'It's time': BISD's Carrol Thomas will retire
Carrol Thomas has served at the helm of the Beaumont Independent School District for the past 16 years but this next year will be his last, as he announced just after 10 p.m. Wednesday that he is retiring at the end of the first semester of the 2012 school year.
His final day will work out to be somewhere between January 2 and January 18, 2013, according to the normal school calendar used by BISD. The announcement came less than five minutes after BISD Trustee Zenobia Busch made a motion to give Thomas his annual 3.9 percent pay increase and extend his contract another year based on a favorable performance review.
The Examiner first reported that Thomas could be leaving the district in its January 12, 2012, edition. That story also discussed a possible buyout or payout to Thomas for his years of service to BISD. When asked about what remuneration would be given to Thomas upon his departure, BISD president Woodrow Reece said, “Well, it was of his own freewill and that is what he decided to do after 16 years. Maybe you didn’t hear what the letter said, but it said he would want the same thing that any other employee in the district would get – just his benefits and what have you. Nothing like what we discussed the other day.”
He said the reason Thomas’ contract was extended another year despite the fact that trustees knew he was retiring after he discussing it in executive session was because a favorable review automatically qualifies Thomas for an additional year on his contract.
Reece said a committee would be formed to search for a new superintendent and he refused to discuss a possible salary for the next person to run BISD following Thomas’ departure.
“I wouldn’t speculate on who the next superintendent will be,” Reece said. “We will have a committee of three and they will go out and do the search. We will let the persons who go out and do the search who the top three or four or five should be.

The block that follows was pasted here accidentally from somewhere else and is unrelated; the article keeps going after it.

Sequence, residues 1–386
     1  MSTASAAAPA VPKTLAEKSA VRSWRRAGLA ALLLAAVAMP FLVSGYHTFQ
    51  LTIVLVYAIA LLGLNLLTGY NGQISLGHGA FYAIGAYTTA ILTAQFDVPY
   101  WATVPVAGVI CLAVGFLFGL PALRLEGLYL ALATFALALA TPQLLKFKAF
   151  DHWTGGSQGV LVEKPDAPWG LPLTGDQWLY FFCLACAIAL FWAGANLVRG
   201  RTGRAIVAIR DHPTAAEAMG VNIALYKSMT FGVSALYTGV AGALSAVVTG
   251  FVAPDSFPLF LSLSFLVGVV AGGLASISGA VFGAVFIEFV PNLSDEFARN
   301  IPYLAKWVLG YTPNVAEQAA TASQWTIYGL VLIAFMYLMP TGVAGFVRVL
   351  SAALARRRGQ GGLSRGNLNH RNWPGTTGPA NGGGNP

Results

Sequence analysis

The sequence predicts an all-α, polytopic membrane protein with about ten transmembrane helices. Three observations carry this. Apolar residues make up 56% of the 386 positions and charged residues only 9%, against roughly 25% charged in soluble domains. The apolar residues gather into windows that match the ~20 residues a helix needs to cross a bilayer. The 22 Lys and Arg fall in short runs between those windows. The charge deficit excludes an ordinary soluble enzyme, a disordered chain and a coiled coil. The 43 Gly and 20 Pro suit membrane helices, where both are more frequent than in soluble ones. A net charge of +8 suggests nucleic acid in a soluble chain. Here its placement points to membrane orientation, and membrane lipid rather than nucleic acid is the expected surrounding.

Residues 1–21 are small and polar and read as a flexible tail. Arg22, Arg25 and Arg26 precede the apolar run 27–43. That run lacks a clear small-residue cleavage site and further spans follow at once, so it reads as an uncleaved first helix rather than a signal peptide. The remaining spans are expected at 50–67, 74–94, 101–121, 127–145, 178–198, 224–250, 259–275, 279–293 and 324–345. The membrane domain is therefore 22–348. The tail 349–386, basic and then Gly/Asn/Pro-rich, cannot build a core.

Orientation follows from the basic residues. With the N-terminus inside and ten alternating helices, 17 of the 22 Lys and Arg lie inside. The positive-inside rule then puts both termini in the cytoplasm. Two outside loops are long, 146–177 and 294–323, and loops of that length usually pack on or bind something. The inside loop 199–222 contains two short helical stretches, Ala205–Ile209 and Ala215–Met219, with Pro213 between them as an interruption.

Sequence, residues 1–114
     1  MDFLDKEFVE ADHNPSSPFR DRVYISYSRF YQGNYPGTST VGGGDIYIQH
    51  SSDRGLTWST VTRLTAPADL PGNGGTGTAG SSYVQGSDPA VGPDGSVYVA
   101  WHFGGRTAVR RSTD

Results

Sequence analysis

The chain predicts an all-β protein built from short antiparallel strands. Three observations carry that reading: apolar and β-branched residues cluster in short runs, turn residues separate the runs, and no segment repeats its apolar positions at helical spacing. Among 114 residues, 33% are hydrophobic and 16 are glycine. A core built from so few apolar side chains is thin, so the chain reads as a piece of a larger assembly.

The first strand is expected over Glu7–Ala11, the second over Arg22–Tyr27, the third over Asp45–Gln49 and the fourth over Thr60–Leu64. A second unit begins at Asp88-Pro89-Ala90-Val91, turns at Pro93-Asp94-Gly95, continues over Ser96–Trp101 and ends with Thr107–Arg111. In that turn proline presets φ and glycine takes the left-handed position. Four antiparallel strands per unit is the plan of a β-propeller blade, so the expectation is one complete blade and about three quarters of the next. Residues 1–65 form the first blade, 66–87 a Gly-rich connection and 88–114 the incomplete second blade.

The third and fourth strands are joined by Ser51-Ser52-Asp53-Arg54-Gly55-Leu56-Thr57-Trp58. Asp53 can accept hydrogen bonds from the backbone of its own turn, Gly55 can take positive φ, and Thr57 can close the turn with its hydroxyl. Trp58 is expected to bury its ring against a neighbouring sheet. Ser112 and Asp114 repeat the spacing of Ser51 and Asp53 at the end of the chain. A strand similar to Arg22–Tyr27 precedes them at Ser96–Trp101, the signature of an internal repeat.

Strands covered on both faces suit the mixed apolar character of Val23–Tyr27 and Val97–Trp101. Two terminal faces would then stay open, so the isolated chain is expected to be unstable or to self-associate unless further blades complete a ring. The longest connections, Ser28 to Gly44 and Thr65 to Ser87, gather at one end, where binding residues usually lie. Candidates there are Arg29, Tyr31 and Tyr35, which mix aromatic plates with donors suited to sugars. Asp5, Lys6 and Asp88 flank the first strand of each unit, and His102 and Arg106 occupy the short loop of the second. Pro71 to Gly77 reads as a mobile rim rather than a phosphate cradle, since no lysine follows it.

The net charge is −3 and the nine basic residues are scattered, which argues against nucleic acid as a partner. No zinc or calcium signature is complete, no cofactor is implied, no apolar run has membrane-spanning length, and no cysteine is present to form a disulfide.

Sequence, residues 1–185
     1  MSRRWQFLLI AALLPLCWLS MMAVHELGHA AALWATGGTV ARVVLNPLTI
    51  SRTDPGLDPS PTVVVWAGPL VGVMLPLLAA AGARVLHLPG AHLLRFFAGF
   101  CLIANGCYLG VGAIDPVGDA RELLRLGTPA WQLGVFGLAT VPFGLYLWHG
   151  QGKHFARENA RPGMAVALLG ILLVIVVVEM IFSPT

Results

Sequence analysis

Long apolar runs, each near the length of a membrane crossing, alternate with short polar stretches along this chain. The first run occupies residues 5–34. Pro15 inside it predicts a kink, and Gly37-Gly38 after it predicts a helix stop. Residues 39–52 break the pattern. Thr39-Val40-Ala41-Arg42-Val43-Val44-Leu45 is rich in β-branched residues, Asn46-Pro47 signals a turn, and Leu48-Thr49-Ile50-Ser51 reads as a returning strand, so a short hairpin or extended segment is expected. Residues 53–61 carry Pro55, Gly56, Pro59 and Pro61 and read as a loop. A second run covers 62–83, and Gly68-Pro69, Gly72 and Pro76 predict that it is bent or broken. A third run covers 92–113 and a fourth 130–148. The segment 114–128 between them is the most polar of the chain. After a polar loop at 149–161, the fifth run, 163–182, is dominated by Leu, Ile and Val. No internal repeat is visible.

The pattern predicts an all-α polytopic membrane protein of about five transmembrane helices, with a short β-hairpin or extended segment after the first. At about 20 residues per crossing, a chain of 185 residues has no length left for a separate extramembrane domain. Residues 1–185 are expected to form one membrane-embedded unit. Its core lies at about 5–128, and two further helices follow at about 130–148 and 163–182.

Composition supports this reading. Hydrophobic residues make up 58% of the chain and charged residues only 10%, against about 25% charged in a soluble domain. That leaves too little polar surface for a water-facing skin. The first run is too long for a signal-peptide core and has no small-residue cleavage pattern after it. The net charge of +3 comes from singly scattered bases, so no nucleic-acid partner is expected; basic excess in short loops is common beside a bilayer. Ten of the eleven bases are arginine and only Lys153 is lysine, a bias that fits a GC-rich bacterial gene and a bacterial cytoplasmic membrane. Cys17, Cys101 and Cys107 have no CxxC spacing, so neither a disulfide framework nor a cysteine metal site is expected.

“I can’t give you a dollar figure (to pay Thomas’ replacement). That wouldn’t be fair. We will give a fair compensation for whatever it will take to run this school district.”
When Thomas first came to BISD, he was the highest paid school superintendent in the nation, earning more than $152,000 a year. Since that time his salary has increased to more than $375,000 annually.
Thomas, whose wife retired from the district last year, said it was time for him to go. He said most superintendents stay less than five years but he had things he wanted to see get accomplished.
“We talked about this three years ago that we would be finishing up the bond issue and Parson’s would be leaving. I appreciate that we got the test scores up and the performance of the students is where we would like for it to be. All of the indicators that I would like to look at are positive. It will be my last year to be president of NABSE (National Alliance of Black School Educators). It’s just time,” he said. “You know, 43 years as an educator, not many people work that long.
“It is time, Jerry. It’s like you said, my wife is retired, we have grandkids now. You are at the top of the line and the district is in great shape, so it is time.”
Thomas said he didn’t have any real regrets. He said he is proud of the things he has done in BISD and that it was a tough district.
“Beaumont was tough when I got here, and it is tough now,” he said. “I think I tried to be fair. I have taken a lot of heat from both communities to be fair and get us where we are today. There may be some things that I might have slowed down but the basic core of it I would have probably done the same. Yeah, there are always some things that I could have changed.”
Most likely Thomas will enter in to some type of consulting work after leaving BISD, but he declined to say whether he would go to work as a consultant for Parson’s, the company overseeing the districts $388.6 million bond initiative.
“I don’t know; I will probably just do it for myself,” Thomas said.
Within minutes of his announcement, posts on Facebook and Twitter were discussing his departure. Some wished him well and congratulated Thomas for his accomplishments in the district. Others were happy, and encouraged him not to wait to “start the new chapter” in his life.